The Premier League’s 5.136 billion pounds ($7.90 billion)television deal will enable English clubs to dominate European football once again, Arsenal manager Arsene Wenger said on Friday.
Sky Sports, the pay-TV channel, has agreed to spend 4.2 billion pounds to show 126 live Premier League matches a season from 2016 to 2019, while rival BT will pay 960 million pounds to show 42 games a season.
Only Chelsea and Manchester United have won the Champions League in the last 10 years, but Wenger expects Premier League clubs to splash the extra cash far and wide as they have the power to “attract who they want”.
“It makes the clubs in a bigger, stronger financial position all over Europe,” the Frenchman, who became the first Premier League manager to select a team without a single English player in 2005, told reporters.
“It will contribute to get the best players all over the world to come to England. The movement of the players is always linked with the economical and financial power in the countries.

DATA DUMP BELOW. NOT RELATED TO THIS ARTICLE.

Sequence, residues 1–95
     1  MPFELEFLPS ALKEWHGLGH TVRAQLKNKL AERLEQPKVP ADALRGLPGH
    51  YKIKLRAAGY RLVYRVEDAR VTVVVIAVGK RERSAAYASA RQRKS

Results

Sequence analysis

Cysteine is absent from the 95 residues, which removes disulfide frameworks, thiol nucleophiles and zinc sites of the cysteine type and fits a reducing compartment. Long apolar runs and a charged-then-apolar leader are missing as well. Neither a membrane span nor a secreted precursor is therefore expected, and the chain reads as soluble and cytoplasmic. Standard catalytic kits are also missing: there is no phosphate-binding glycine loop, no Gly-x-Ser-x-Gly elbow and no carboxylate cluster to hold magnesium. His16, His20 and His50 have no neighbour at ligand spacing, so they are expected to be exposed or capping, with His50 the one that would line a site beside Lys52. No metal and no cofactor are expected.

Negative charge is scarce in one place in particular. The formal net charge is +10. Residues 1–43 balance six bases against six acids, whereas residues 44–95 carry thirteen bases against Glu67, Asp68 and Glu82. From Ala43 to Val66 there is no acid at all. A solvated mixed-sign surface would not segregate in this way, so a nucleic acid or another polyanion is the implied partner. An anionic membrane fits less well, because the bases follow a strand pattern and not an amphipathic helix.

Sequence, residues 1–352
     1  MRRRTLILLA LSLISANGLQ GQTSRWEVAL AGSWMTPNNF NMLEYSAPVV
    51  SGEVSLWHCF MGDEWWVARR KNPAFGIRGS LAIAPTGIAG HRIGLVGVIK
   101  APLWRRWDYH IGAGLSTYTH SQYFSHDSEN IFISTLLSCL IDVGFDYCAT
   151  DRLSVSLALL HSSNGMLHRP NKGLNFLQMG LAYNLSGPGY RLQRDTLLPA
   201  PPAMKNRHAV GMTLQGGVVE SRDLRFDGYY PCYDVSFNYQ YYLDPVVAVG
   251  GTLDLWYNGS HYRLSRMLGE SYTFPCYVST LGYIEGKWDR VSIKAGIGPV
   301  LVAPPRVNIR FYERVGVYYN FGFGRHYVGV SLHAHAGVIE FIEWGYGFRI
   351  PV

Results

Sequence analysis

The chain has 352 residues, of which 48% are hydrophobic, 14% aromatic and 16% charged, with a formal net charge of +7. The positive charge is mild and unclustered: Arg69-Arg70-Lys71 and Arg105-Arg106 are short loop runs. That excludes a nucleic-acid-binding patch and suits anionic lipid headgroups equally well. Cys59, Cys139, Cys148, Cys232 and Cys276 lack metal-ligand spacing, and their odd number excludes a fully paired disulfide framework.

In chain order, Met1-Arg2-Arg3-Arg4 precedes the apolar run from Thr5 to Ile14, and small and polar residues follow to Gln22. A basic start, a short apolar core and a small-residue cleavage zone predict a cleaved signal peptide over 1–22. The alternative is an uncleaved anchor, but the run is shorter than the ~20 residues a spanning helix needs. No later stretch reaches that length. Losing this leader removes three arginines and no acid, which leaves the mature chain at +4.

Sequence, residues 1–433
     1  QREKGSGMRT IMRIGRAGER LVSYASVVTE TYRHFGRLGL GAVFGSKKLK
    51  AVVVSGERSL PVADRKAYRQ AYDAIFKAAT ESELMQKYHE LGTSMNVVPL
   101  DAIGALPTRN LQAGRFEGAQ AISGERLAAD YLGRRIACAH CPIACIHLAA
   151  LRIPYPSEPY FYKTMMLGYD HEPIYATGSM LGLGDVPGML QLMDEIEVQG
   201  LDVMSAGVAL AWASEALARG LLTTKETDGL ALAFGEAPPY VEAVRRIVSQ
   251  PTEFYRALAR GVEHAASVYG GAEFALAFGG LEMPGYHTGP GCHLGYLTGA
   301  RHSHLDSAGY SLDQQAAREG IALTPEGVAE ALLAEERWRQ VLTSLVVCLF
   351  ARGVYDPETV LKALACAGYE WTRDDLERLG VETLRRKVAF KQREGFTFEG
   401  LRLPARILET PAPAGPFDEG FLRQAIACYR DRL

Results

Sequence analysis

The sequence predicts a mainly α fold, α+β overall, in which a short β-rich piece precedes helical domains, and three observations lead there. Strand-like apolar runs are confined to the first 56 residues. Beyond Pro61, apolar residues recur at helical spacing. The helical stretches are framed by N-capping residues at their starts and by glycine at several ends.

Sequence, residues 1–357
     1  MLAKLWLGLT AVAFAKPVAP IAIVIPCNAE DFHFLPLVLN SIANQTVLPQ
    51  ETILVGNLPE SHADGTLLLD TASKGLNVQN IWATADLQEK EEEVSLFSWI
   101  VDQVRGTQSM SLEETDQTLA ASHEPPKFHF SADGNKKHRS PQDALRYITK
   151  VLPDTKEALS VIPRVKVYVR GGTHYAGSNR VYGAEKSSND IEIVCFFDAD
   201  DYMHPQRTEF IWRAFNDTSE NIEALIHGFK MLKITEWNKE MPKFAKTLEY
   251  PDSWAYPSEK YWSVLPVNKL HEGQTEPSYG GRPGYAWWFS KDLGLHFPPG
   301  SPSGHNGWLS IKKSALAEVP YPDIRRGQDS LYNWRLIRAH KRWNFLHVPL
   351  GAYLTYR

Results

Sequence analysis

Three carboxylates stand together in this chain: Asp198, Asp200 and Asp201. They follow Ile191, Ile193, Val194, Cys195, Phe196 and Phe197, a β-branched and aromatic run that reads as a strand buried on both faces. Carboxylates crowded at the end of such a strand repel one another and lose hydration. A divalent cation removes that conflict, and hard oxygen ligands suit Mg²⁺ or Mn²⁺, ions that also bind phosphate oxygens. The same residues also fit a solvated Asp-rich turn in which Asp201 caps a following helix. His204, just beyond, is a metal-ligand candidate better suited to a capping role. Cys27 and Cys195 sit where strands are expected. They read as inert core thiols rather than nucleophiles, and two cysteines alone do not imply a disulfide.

“When I was a coach in Monaco we bought the English players because we were the first to have the television money. Today the biggest financial power is in England and the best players come to England.”
Spanish clubs might question that, with La Liga welcoming Gareth Bale in 2013 as the world’s most expensive player after his 100 million euro transfer from Tottenham Hotspur to Real Madrid.
FIFA World Player of the Year Cristiano Ronaldo is also at Real after an 80 million pound move from Manchester United in 2009, while Luis Suarez — who Wenger tried to sign for 40 million last season — joined Barcelona from Liverpool for around 75 million pounds in July.
West Ham United manager Sam Allardyce meanwhile defended the Premier League from criticism that not enough of the cash was being passed on to grassroots football.
“Fingers have been pointed at the Premier League and their commitment to grassroots football but, over the present deal, they are donating 56 million pounds a year to exactly that cause,” Allardyce told the London Evening Standard.
“Let’s not forget that provision for grassroots sport is principally a government responsibility — rather than an obligation for the Premier League,” he added.
“It’s a disgrace that there is a reliance instead on the Premier League and charities to provide the funding. Some blame-shifting has gone on here.” ($1 = 0.6500 British Pounds)